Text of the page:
The word “murdered” was queried. Why would I accuse comfortable soft liberals and miscellaneous progressive types of such dastardly deeds? Because, by their silence and inanition, in their tolerance and their diversity, they had participated. For under old principles of common law, those complicit in murder may be fairly charged. Malice must be proved, to get a conviction, but all those who had played along, from the stage of “we didn’t know” to the stage of working for the beasts, were accomplices in the demonic malice, and remain so. (Immortally.)

A pose of naïveté, as a cover for indifference, is the defence usually offered. Who could guess that the rise of a Lenin or a Hitler or a Mao would end in such vast, pointless carnage? Who could foresee that the modern, inverted ideals of materialism, from Marx and Darwin through the many convolutions of eugenics, would make the triumphs of such men inevitable? For it must be admitted that only intelligent and perceptive people, with decency and the courage to stand their ground, would oppose them: a small minority in any polity. The invincibly ignorant have their excuse.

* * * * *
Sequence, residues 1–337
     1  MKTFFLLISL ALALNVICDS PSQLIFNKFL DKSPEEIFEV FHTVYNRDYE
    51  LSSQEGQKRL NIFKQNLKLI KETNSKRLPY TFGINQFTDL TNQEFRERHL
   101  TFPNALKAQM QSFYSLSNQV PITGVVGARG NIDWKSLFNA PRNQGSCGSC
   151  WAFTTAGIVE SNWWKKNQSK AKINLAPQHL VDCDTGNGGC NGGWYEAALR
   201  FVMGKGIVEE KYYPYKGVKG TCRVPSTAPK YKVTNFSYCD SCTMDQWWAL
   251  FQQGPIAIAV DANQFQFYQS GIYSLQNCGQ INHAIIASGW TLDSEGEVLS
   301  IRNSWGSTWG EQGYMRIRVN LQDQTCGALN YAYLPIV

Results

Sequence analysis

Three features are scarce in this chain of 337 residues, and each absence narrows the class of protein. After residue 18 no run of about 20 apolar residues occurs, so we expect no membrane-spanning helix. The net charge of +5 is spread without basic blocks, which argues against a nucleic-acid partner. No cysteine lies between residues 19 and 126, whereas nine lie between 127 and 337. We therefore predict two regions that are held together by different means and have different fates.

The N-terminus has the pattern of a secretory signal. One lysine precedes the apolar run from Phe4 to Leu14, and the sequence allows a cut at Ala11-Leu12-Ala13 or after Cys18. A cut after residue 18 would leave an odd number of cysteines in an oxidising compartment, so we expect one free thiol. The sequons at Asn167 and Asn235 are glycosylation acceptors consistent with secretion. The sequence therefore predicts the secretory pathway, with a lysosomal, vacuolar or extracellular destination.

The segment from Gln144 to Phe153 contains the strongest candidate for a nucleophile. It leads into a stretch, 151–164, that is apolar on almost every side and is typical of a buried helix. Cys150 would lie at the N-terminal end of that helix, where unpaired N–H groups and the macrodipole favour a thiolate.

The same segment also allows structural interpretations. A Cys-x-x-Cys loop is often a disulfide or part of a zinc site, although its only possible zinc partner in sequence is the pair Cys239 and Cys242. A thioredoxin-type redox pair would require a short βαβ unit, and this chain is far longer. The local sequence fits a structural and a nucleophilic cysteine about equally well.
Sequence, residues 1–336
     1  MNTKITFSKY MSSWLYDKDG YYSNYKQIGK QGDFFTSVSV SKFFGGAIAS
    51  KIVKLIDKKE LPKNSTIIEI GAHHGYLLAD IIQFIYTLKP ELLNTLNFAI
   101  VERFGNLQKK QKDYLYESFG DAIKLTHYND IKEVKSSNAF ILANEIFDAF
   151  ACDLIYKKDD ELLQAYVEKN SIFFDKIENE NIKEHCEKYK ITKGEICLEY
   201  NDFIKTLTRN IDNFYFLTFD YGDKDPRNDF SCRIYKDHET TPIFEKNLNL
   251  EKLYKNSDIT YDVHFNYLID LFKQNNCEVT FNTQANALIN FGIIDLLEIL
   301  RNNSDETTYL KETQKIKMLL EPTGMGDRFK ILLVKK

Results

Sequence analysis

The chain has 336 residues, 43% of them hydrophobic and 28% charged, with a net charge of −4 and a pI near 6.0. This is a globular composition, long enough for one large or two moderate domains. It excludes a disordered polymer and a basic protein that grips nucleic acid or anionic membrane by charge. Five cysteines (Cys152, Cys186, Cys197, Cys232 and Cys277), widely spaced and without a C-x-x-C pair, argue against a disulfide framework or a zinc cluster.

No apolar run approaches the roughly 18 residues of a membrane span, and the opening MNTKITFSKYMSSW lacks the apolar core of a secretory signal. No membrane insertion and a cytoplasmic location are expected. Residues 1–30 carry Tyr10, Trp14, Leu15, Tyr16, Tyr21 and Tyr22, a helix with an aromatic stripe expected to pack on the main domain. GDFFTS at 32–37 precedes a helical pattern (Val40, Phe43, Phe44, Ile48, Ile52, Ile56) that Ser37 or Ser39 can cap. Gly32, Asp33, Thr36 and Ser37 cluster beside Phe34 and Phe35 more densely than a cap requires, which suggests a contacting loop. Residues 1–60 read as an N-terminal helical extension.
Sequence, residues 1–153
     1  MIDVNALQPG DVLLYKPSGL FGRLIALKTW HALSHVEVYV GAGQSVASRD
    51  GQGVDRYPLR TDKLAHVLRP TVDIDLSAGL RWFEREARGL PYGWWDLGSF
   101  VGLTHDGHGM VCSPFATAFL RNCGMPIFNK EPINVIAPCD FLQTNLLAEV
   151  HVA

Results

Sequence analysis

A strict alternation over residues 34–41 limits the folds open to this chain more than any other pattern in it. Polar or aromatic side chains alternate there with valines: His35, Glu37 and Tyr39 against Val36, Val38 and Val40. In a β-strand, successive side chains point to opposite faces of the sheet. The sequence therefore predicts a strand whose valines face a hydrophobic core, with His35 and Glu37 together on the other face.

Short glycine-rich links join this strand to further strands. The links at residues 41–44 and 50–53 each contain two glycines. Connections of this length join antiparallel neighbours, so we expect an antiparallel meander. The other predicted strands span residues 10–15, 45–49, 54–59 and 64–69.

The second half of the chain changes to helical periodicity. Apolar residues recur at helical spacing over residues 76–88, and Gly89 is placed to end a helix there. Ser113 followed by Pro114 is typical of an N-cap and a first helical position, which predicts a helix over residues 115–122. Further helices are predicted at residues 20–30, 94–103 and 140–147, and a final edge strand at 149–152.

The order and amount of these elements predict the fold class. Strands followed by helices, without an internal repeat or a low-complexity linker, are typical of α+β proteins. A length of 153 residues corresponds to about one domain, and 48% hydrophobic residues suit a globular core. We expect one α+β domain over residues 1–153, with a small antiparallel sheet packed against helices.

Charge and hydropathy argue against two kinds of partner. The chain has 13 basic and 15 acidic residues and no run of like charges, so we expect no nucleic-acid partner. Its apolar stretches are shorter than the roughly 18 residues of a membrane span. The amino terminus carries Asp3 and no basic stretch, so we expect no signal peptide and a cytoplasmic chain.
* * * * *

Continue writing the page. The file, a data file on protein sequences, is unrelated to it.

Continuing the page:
Yet the characters named hardly killed anyone with their own hands. And the executioners they employed — also in the millions — were “only following orders.” One might even say that the woman demanding that the child she is carrying be brutally destroyed, is only giving orders. Or that the doctor giving the final injection to a patient so old and confused and unwanted that she has ceased to want even herself, is only doing as instructed. Like Dr Mengele’s nurses, or the prison camp guards, they go home at the end of each shift, to their bourgeois lives; and some have violins to play Mozart.

I do not share the happyface view of a world from which Christ has been extracted; in which responsibility for one’s own acts is boundlessly diffused.

My hope for the New Year is that all who are complicit — finally every one, of course including me — will recognize their sins, confess them, and seek absolution. And that, having done that, we will all change sides.